Special Edition: Women, Power & Policy Making
n celebration of Women’s Month in August 2019, the Africa Portal is releasing a number of outputs as part of its thematic focus for the year - ‘Women, Power and Policy Making’ - beginning today with its policy making series.
In March 2019, we released a call for abstracts for policy briefs focused on women in policy making and the challenges they encounter to help gain an understanding of Africa’s progress towards achieving gender equality, as set out in the UN Sustainable Development Goals and the AU’s Vision 2063.
In the weeks that followed, over 100 applications from around the world were reviewed by our panel of experts. Today, we are proud to announce the release of the final eight policy briefs that delve into pressing concerns around women and climate change, business, peace and security, and political representation, among others.
We congratulate all the contributing authors and will announce the top three policy briefs deemed the best publications in early September 2019.
This initative was jointly funded by the South African Institute of International Affairs, the Centre for International Governance Innovation (CIGI) and the Canadian High Commission in South Africa.
Dr Agnes Babugura emphasises the importance of gender equality in the fight against climate change in Africa. Among her policy recommendations, she calls upon governments and civil society to create greater awareness around the role of women in this regard.
Amanda Bisong looks at the gender dimension of ECOWAS’ framework for migration and argues that it has limited the benefits of migration for women and exposed them to risks. She calls for support mechanisms to be established, in addition to other recommendations.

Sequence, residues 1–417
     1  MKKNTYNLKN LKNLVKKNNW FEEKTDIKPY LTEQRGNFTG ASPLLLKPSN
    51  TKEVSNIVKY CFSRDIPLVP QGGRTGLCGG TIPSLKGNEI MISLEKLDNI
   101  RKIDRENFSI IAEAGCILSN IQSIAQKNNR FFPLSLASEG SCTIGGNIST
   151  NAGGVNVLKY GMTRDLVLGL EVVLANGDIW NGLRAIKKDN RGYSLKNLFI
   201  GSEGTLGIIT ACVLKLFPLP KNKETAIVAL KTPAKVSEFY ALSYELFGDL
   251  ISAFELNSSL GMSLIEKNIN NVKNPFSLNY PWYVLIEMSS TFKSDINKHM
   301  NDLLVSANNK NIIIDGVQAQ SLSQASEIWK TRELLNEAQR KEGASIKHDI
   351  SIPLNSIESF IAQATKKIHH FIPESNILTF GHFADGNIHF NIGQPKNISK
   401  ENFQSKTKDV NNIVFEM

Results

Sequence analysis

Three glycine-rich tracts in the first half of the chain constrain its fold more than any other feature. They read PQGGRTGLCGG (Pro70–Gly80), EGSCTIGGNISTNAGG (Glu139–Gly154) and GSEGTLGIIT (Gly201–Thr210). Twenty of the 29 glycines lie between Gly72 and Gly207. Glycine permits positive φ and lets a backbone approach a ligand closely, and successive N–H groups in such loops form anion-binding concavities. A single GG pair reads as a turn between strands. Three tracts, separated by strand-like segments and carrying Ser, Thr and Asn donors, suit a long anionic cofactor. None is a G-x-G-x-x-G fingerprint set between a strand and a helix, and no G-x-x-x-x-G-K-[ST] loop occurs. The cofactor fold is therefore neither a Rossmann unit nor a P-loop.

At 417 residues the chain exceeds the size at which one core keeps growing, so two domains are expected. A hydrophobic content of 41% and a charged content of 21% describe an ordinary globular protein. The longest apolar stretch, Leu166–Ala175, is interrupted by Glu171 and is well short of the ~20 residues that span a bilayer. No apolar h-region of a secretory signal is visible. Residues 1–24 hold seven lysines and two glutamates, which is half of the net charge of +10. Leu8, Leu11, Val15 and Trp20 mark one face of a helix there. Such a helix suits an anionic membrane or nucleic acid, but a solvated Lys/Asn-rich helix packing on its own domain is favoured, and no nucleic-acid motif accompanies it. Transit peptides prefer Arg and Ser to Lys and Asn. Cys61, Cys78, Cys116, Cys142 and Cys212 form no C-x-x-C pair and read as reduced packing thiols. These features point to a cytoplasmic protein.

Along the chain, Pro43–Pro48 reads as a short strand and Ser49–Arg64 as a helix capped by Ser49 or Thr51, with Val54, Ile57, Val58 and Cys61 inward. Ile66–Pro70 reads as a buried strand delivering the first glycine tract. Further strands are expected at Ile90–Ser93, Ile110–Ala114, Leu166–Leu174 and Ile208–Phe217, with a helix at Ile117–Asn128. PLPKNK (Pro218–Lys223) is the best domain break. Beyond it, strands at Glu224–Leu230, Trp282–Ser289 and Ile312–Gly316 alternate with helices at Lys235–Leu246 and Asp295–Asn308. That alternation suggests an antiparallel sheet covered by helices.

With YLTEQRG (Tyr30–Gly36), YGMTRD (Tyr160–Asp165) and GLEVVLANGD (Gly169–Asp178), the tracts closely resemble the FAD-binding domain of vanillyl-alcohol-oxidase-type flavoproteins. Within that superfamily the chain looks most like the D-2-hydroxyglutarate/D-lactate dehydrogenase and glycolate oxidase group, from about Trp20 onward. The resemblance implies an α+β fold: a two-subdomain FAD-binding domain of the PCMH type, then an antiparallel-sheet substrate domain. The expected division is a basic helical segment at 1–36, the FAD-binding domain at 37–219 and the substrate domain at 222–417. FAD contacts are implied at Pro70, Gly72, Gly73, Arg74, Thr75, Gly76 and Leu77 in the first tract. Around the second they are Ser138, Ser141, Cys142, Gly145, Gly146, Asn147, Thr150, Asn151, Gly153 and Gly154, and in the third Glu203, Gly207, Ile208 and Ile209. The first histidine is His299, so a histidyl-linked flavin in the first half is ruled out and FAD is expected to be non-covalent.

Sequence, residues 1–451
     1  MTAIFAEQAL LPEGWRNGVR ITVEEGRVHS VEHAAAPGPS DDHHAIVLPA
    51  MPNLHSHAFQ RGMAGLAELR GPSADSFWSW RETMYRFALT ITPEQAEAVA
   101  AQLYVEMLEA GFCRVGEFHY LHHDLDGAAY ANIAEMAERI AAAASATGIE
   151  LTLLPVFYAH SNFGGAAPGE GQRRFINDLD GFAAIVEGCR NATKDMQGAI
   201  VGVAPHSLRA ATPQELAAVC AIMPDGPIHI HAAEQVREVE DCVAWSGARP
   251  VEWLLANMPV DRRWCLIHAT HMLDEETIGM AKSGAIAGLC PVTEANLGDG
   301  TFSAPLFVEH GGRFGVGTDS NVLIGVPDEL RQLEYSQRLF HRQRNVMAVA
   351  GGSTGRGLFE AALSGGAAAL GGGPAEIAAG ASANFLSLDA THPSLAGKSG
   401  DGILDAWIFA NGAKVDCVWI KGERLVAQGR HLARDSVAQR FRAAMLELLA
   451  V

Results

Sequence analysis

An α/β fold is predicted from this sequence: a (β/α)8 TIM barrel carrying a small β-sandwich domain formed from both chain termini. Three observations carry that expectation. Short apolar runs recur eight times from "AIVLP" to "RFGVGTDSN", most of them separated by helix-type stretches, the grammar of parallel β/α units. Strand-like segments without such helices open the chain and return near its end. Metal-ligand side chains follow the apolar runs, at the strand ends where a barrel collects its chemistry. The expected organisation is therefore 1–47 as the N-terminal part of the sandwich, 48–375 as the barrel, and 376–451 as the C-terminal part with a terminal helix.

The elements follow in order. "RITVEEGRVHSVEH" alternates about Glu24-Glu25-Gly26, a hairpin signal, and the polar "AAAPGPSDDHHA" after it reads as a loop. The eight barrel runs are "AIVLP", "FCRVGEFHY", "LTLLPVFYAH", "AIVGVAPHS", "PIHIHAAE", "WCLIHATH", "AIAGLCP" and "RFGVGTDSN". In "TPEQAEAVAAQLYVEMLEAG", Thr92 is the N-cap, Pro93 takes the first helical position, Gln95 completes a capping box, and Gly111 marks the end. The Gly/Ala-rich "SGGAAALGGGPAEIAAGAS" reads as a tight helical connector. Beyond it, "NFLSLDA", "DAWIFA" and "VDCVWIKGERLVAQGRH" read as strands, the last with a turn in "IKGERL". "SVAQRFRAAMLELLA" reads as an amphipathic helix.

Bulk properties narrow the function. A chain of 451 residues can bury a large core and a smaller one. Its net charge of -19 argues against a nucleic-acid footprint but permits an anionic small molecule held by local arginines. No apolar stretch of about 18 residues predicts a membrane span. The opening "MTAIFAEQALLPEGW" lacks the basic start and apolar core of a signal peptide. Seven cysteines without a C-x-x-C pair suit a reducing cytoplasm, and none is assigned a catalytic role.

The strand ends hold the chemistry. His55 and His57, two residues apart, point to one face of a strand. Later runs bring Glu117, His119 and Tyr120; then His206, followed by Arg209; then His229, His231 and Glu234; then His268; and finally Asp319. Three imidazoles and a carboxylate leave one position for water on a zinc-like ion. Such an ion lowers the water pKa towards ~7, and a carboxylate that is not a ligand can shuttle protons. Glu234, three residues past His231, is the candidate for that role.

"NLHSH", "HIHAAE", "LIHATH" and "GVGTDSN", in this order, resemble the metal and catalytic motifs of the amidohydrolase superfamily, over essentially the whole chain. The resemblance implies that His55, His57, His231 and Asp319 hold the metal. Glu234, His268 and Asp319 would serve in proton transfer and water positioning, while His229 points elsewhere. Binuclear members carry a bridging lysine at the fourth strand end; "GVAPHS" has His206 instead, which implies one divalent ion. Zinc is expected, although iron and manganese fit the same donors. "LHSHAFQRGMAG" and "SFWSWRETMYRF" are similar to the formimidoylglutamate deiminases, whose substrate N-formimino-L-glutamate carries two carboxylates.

Manase Kudzai Chiwese explores the opportunities and threats facing African women in the Fourth Industrial Revolution (4IR). He calls for various policies, such as the promotion of female education, to ensure women are not excluded in this change to the world of work.
Esther Ekong examines the potential adverse effects of extending geographical indications (GI) to shea butter in Ghana – the production of which has traditionally been dominated by women. She argues for collective place branding as a better alternative.
Rebecca Matsie looks at women’s participation in informal settlement upgrading in South Africa and the disparities that exist in this regard. She calls for policies that acknowledge the effect of gender relations to create an enabling environment for women.
Dr Udoka Ndidiamaka Owie analyses the role and representation of women in ECOWAS’ peace and security regulatory framework. She calls for innovative thinking and broader engagement with stakeholders to ensure effective implementation of its objectives.
Thabang Ramakhula explores how patriarchal systems, electoral processes, stereotyping and other barriers have perpetuated the marginalisation of women in the National Assembly of Lesotho. She proposes various policy options to address this.
David Olusegun Sotola examines the issue of under-representation of women on corporate boards and other leadership structures in Africa. He proposes five policy recommendations to remedy this phenomenon, including mandatory quotas and male advocacy.
The opinions expressed in these policy briefs are those of the author(s) and do not necessarily reflect the views of SAIIA or CIGI.